Writing in the 21 February "Hayat-i No," Mohammad Javad Ruh suggested that Fallahian would attract the same people who supported Hojatoleslam Mohammad Mohammadi-Reyshahri and the Society for the Defense of the Values of the Islamic Revolution (SDVIR) in the 1997 presidential election. Furthermore, according to Ruh, Fallahian's candidacy shows that the way of thinking of the SDVIR continues, although the party itself no longer exists. This also will emphasize the divergences in thinking among conservative Iranians, with the other, more moderate, faction opting for the "new religious thinking" promoted by Taha Hashemi.

By submitting himself as a candidate and facing the public, Ruh concluded, Fallahian is bringing transparency to the political climate. This is a reference to Fallahian's general silence on the serial murders by personnel that had served under him in the MOIS, and speculation that he was somehow involved with the murders of Iranian dissidents at home and abroad. (Bill Samii)

LABOR-RELATED UNREST IN LAMERD. Local Basij commander Brigadier General Abdolali Najafi told an audience of 5,000 Lamerd (Fars Province) residents on 30 March that they should abide by the law when protesting the erection of "a refinery which they consider to be environmentally hazardous," according to IRNA. Najafi added that foreigners were behind the unrest that occurred earlier in the week, and he warned that they would exploit the situation: "I deem it necessary to say that many foreign enemies and their agents inside the country have over recent days been abusing the ongoing situation and provoked it." But this statement reveals several lies. Locals were worried about job losses, not the environment. Secondly, the unrest was a spontaneous public reaction to government ineptitude. And finally, the government should have predicted such a public reaction to its actions.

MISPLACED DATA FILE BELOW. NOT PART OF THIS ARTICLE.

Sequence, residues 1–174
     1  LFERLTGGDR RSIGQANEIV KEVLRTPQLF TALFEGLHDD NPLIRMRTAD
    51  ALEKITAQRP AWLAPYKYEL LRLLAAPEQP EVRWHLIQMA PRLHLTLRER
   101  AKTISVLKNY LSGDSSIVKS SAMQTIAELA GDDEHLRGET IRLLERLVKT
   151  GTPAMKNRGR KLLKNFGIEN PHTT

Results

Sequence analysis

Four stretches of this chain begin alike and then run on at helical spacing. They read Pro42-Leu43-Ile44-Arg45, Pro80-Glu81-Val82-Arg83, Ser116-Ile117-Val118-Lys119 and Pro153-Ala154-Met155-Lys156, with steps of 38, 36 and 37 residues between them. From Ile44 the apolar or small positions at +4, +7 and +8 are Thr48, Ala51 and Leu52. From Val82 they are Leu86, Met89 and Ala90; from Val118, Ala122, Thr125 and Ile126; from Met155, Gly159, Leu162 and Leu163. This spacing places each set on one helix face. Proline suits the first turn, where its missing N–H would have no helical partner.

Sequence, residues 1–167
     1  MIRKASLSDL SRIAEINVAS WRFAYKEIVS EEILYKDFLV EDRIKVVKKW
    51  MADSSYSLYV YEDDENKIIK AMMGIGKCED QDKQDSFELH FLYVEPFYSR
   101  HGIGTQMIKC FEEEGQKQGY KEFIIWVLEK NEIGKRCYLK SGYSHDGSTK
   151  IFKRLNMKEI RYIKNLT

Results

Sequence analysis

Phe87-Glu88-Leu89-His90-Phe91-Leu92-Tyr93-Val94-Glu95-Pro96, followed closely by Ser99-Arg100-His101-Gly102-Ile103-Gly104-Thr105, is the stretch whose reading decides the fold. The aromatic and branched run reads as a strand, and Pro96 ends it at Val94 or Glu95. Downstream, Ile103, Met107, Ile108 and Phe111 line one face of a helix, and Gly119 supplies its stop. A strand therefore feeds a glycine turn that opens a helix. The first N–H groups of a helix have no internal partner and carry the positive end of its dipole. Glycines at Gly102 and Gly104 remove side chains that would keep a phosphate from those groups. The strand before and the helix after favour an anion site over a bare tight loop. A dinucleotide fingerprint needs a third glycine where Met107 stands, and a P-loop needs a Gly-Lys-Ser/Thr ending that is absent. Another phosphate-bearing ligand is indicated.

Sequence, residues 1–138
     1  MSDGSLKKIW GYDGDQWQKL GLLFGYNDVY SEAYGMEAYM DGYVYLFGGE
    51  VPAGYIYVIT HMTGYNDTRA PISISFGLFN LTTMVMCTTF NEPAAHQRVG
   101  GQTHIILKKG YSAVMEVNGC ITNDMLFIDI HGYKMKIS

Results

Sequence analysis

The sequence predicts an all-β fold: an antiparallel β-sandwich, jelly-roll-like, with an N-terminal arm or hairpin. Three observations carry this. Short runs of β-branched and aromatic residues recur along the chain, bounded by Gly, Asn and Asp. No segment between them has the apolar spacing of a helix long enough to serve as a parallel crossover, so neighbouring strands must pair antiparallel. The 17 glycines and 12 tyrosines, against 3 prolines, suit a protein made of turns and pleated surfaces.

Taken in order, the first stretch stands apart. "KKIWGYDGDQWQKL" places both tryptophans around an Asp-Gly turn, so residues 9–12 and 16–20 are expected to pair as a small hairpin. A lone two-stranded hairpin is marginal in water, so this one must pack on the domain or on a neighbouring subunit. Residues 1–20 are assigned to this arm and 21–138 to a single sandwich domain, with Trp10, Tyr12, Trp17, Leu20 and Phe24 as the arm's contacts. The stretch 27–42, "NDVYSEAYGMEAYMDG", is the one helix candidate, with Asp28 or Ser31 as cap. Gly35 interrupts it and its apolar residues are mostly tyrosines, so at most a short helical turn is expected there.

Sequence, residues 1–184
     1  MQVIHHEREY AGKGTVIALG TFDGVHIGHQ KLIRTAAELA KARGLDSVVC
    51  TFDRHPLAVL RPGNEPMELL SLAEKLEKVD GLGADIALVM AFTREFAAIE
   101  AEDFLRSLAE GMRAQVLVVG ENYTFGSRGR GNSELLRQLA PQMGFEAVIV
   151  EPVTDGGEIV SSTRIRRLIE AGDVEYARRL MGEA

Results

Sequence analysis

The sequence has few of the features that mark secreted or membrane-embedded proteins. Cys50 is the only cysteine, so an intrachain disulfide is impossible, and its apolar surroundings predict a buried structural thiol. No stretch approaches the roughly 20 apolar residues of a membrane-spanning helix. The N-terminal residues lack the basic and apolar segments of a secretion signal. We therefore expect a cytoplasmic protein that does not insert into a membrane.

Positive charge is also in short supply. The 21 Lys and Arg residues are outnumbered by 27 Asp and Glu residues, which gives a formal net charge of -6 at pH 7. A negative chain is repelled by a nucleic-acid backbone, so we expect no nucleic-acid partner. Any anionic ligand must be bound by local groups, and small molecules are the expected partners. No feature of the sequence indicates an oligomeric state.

Citizens of Lamerd rioted on 27 and 28 March over plans to relocate the local Parsian Oil Refinery to Mohr, which also is in Fars Province. The locals stormed the governorate and set a fire there, blocked the local airport's runway, and burned tires in the streets, according to IRNA. Security forces reacted by using tear gas to dispel the rioters, and a local official said that the instigators of the unrest had been identified and would be punished. Subsequently, 27-40 people were arrested, state radio and television reported, and more arrests were planned.